3. Kang WD, Choi HS, Kim SM. Is vaccination with quadrivalent HPV vaccine after loop electrosurgical excision procedure effective in preventing recurrence in patients with high-grade cervical intraepithelial neoplasia (CIN2-3)?. Gynecologic Oncology. 2013;130:264-268

4. Markowitz LE, Liu G, Hariri S, Steinau M, Dunne EF, Unger ER. Prevalence of HPV After Introduction of the Vaccination Program in the United States. Pediatrics. 2016;137:e20151968

5. Crosbie EJ, Einstein MH, Franceschi S, Kitchener HC. Human papillomavirus and cervical cancer. Lancet. 2013;382:889-899

6. Dunne EF, Unger ER, Sternberg M, McQuillan G, Swan DC, Patel SS. et al. Prevalence of HPV infection among females in the United States. JAMA. 2007;297:813-819

7. Markowitz LE, Sternberg M, Dunne EF, McQuillan G, Unger ER. Seroprevalence of human papillomavirus types 6, 11, 16, and 18 in the United States: National Health and Nutrition Examination Survey 2003-2004. J Infect Dis. 2009;200:1059-1067

8. Woodman CB, Collins SI, Young LS. The natural history of cervical HPV infection: unresolved issues. Nat Rev Cancer. 2007;7:11-22

9. Goodman A. HPV testing as a screen for cervical cancer. BMJ. 2015;350:h2372

10. Vicus D, Sutradhar R, Lu Y, Elit L, Kupets R, Paszat L. et al. The association between cervical cancer screening and mortality from cervical cancer: a population based case-control study. Gynecol Oncol. 2014;133:167-171

11. Vicus D, Sutradhar R, Lu Y, Kupets R, Paszat L, Ontario Cancer Screening Research N. Association between cervical screening and prevention of invasive cervical cancer in Ontario: a population-based case-control study. Int J Gynecol Cancer. 2015;25:106-111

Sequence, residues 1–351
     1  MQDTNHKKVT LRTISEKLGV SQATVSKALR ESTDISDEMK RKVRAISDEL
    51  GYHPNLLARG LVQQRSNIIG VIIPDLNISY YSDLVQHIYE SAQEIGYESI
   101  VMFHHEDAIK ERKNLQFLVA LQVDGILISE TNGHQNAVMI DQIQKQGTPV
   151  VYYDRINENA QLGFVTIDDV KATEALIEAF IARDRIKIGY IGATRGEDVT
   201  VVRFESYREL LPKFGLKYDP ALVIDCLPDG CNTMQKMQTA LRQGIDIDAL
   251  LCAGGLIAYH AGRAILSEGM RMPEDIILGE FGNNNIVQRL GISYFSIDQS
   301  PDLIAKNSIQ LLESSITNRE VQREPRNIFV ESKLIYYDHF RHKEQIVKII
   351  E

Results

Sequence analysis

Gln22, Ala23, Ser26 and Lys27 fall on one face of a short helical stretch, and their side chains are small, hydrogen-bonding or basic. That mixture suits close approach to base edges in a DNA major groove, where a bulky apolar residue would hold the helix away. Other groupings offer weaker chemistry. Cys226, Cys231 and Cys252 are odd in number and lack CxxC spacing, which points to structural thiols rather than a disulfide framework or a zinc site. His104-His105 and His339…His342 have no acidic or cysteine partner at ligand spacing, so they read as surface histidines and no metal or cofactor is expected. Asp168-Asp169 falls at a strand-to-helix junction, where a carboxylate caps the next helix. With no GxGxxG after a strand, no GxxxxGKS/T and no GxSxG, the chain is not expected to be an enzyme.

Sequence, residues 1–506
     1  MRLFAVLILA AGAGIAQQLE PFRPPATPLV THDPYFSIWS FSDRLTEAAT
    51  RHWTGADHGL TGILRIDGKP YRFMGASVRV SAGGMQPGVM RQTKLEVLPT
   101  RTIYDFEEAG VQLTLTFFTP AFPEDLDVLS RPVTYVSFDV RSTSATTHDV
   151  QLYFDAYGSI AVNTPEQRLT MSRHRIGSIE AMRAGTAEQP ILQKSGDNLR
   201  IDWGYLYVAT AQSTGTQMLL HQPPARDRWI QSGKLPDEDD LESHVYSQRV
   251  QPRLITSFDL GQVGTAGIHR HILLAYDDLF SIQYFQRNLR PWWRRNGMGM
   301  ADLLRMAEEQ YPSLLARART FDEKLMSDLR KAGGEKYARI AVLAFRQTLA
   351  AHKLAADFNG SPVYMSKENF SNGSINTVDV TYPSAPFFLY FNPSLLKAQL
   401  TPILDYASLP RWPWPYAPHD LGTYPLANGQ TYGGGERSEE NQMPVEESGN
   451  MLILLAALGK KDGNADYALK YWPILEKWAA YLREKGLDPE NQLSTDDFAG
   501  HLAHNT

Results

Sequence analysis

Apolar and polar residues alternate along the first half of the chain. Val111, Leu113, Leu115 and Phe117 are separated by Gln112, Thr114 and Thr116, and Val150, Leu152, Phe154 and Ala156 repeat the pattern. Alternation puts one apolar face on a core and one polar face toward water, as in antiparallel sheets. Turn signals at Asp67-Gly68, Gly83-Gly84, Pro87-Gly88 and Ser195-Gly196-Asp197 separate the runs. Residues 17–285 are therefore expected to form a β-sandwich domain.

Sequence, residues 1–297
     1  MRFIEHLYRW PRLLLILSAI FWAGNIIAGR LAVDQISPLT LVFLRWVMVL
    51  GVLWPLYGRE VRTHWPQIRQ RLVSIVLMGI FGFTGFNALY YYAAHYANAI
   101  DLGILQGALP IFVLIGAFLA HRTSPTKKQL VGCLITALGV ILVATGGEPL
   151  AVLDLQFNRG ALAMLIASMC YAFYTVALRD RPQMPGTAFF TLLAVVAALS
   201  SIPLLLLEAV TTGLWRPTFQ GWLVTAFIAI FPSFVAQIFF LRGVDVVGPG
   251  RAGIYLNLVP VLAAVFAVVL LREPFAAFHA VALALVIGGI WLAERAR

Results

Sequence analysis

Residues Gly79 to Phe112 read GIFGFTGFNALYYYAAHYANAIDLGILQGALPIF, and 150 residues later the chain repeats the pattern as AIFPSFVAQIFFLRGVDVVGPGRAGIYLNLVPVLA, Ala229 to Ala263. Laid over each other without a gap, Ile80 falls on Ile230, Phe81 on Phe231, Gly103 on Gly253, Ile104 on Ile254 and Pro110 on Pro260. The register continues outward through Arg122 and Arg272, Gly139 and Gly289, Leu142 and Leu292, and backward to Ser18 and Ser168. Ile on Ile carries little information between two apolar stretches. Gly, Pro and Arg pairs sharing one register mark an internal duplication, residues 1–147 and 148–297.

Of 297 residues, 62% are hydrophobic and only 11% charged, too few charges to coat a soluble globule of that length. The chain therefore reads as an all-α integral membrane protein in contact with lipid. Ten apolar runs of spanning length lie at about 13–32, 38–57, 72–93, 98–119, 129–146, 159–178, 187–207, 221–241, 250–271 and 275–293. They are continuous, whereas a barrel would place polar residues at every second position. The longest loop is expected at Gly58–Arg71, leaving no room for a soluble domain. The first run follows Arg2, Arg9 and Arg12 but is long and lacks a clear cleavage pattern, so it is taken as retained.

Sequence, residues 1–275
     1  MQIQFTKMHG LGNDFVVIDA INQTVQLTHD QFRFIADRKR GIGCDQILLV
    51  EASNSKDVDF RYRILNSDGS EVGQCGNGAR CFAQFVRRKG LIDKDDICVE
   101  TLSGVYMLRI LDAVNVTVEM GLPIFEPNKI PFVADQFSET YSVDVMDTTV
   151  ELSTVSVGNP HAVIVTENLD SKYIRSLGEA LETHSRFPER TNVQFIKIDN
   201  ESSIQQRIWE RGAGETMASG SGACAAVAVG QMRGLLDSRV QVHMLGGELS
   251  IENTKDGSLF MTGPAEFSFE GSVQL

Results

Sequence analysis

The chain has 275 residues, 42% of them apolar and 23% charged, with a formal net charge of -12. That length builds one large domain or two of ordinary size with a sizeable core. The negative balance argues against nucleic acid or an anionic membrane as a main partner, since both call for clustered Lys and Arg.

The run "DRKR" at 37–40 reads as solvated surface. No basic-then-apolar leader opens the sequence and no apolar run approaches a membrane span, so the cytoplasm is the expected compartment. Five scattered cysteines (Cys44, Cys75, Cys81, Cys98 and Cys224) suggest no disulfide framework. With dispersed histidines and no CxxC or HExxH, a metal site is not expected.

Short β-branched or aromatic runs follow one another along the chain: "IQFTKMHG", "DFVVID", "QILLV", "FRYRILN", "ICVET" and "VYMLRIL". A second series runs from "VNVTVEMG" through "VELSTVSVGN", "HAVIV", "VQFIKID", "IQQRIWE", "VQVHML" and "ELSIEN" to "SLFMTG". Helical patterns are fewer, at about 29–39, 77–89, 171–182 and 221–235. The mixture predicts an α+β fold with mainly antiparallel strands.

12. Soost HJ, Lange HJ, Lehmacher W, Ruffing-Kullmann B. The validation of cervical cytology. Sensitivity, specificity and predictive values. Acta Cytol. 1991;35:8-14

13. Qiao Y-l, Sellors JW, Eder PS, Bao Y-p, Lim JM, Zhao F-h. et al. A new HPV-DNA test for cervical-cancer screening in developing regions: a cross-sectional study of clinical accuracy in rural China. Lancet Oncol. 2008;9:929-936

14. Doorbar J, Quint W, Banks L, Bravo IG, Stoler M, Broker TR. et al. The biology and life-cycle of human papillomaviruses. Vaccine. 2012;30(Suppl 5):F55-70

15. Villa LL, Ault KA, Giuliano AR, Costa RL, Petta CA, Andrade RP. et al. Immunologic responses following administration of a vaccine targeting human papillomavirus Types 6, 11, 16, and 18. Vaccine. 2006;24:5571-5583

16. Luevano M, Bernard HU, Barrera-Saldana HA, Trevino V, Garcia-Carranca A, Villa LL. et al. High-throughput profiling of the humoral immune responses against thirteen human papillomavirus types by proteome microarrays. Virology. 2010;405:31-40

17. Stanley M. HPV - immune response to infection and vaccination. Infect Agent Cancer. 2010;5:19

18. Carter JJ, Koutsky LA, Hughes JP, Lee SK, Kuypers J, Kiviat N. et al. Comparison of human papillomavirus types 16, 18, and 6 capsid antibody responses following incident infection. J Infect Dis. 2000;181:1911-1919